my adventures with sherlock holmes

My first encounter with Sherlock Holmes came when I read A Study in Scarlet and The Sign of Four as part of a mystery unit in my seventh grade reading class. Also part of the unit were Agatha Christie’s And Then There Were None and Lillian Jackson Braun’s The Cat Who Saw Read, both of which I enjoyed more.  As best as I can remember, I felt generally ambivalent about the Holmes tales — I have a vague recollection of feeling like there was too much of a disconnect between the mystery part of the book and the backstory.  Most telling, I didn’t start seeking out Sir Arthur Conan Doyle’s other works the way I ended up going through title after title of Braun’s.  Though I eventually tired of Braun’s reporter detective and cat sidekick, it never occurred to me to give Sherlock Holmes another chance.

Not until I downloaded a number of Sherlock Holmes audio books from my library’s web site.  Over the past couple of weeks, I made my way through The Adventures of Sherlock Holmes and The Hound of the Baskervilles, and then decided to give A Study in Scarlet another chance as well.  Listening to all three in such a short span of time made me feel that though my impression of A Study in Scarlet wasn’t far off, my dismissal of all Holmes tales was premature.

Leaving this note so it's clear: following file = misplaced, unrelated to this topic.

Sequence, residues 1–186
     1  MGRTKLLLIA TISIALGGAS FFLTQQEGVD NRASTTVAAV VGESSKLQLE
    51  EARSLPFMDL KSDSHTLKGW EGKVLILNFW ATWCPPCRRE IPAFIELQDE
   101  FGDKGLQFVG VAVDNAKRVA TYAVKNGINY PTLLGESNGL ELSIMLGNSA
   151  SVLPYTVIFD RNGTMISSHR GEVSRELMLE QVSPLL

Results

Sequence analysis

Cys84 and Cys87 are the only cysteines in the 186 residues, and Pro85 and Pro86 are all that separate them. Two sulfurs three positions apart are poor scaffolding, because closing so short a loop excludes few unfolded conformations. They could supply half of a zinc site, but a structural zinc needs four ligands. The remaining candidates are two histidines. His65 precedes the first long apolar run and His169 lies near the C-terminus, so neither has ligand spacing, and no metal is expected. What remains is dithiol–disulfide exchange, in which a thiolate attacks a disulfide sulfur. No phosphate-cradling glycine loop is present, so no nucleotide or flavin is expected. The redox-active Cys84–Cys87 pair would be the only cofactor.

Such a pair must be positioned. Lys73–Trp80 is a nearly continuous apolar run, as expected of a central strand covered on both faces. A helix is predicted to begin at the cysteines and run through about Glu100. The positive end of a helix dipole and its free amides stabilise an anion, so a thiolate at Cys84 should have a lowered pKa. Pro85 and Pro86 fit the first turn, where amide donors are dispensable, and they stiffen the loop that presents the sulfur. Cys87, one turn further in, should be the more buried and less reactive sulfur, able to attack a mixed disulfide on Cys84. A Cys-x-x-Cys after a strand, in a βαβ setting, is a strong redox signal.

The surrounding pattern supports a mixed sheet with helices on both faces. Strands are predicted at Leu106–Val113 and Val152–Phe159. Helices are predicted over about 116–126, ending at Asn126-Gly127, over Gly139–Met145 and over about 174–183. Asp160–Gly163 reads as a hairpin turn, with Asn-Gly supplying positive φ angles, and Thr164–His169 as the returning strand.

I’ve found I enjoy Conan Doyle’s book most when the focus of the story is on the detecting rather than the backstory.  Though Adventures, which is made of a number of shorter mysteries, and Baskervilles are quite different in their construct, both tend to focus on Sherlock Holmes’ process of discovering the details of the crime — be it through himself or his partner (and narrator) Watson.  In A Study in Scarlet, Holmes’ efforts seem vague and ambiguous, and much of the book is devoted to the history motivating the crime.  This history is an interesting one, but changes the flow and nature of the book so much that it feels like an entirely separate story.  For my tastes, the books are more fun when the focus is on Holmes and Watson, the streets of London or the moors of England, and, of course, the ways and means — not necessarily the whys — of the crime itself.

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~ by Molly on April 14, 2010.

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